Staying Connected During a Time of Isolation

Health and Wellness, Staff Perspectives

This past weekend, my husband and I sat on the couch as we watched a documentary on Netflix. A scene showed a room full of people at a party, all shaking hands and embracing. I turned to him and said, “Remember when we used to be able to shake hands with people?” We both gave a half-hearted laugh, even though neither of us thought it was very funny.

Jennifer Parks, LMSW, is the Clinical Assessment Specialist at The Arc of Monroe

Jennifer Parks, LMSW, Clinical Assessment Specialist

While this past year has been extremely difficult, it seems that most of us are feeling the impact of social isolation even more now that the holiday season has arrived. This is the time of year we are supposed to be gathering with friends and family, sharing gifts and meals, bringing the kids to see Santa, singing holiday songs and baking cookies together. For some people, decorating their homes, sending out cards and keeping traditions alive has helped them to cope with the difficulty of this past year. For others, the thought of doing these things without their family and friends by their side has been too difficult.

Humans are social beings. We seek out connection with others. The Canadian Mental Health Association states, “Connecting with others is more important than you might think. Social connection can lower anxiety and depression, help us regulate our emotions, lead to higher self-esteem and empathy, and actually improve our immune systems. By neglecting our need to connect, we put our health at risk.” So how do we balance our need for connection and our desire to be safe and responsible?

Thankfully, technology has made it easier than ever to stay connected. We can chat with our loved ones on Zoom, play games like Words with Friends on our phones with others, and watch our favorite movies together with watch parties. For those of us who are not as tech savvy, we can also do things for others – bake a batch of cookies and leave some on a neighbor’s door step, contact a local agency that supports people such as individuals with disabilities or children in foster care and find out what their current needs are. Sometimes helping others is just the thing we need to lift our spirits.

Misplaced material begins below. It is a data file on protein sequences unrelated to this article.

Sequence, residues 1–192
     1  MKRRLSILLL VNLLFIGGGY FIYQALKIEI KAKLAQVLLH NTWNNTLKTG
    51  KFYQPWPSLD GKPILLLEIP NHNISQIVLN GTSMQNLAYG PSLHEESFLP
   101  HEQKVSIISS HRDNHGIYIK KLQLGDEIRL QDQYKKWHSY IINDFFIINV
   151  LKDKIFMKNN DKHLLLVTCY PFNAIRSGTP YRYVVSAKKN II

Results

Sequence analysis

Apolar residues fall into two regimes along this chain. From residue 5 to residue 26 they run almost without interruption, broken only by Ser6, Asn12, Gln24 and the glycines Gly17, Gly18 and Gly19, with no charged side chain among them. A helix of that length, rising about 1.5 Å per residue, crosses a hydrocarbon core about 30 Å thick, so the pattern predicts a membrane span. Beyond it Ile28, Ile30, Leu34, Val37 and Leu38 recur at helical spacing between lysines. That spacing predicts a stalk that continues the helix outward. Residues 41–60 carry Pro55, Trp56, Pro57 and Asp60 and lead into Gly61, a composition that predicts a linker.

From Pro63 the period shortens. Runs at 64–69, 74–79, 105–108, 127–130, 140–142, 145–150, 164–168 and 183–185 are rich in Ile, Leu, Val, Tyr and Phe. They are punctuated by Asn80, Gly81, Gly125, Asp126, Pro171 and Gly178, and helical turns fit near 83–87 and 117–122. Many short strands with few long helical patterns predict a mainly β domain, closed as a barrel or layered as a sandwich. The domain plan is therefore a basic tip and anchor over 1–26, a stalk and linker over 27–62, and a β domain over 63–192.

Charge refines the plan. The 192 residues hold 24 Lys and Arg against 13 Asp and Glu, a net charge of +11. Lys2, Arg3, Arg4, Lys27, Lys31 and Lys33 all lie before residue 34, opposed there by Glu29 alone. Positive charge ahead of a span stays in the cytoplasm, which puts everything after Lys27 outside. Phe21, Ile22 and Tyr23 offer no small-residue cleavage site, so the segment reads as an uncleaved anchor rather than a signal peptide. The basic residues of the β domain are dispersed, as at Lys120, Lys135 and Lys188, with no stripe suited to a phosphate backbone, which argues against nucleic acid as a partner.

But how about physical touch? Physical touch with others is an integral part of life. Now that these activities have been deemed off limits for the time being, it seems that we took for granted how much a hug, pat on the back or a high-five could do for us. Texas Medical Center describes what they call touch starvation, stating that not being able to physically touch others “increases stress, depression and anxiety, triggering a cascade of negative physiological effects. The body releases the hormone cortisol as a response to stress, activating the body’s “flight-or-fight” response. This can increase heart rate, blood pressure, respiration and muscle tension, and can suppress the digestive system and immune system—increasing the risk of infection.” Just what we need during a pandemic, right? So, what can we do during a time where we can’t physically be close to others? For starters, remember the importance of hugging the people in your home. We have spent so much time with our families this year that it is easy to let tensions run high, but taking a moment for a hug can have a big impact on our well-being. For those who live alone, sending a gift such as a pillow or soft blanket that a person can hold when they are feeling down can be helpful. Some stuffed animals even have the ability to add a recording of someone’s voice that is played when they are squeezed – a great option for children to send to grandparents who may be feeling especially isolated this year. Also, don’t forget your furry family members! Studies have shown that physical touch with a pet can have a positive impact on your blood pressure, can boost your mood and can help reduce stress.

2020 has been an extremely difficult year. We have all experienced trauma, and it is important to take care of ourselves. Brighter days are ahead, but it is important to remain diligent so we can all make it safely to the finish line. There will come a time where our homes are again filled with laughter, hugs and the continuation of meaningful traditions. In the meantime, take care of yourselves and those you love, and remember to seek out help if the stress becomes too much to manage.

Written by Jennifer Parks, LMSW, Clinical Assessment Specialist at The Arc of Monroe.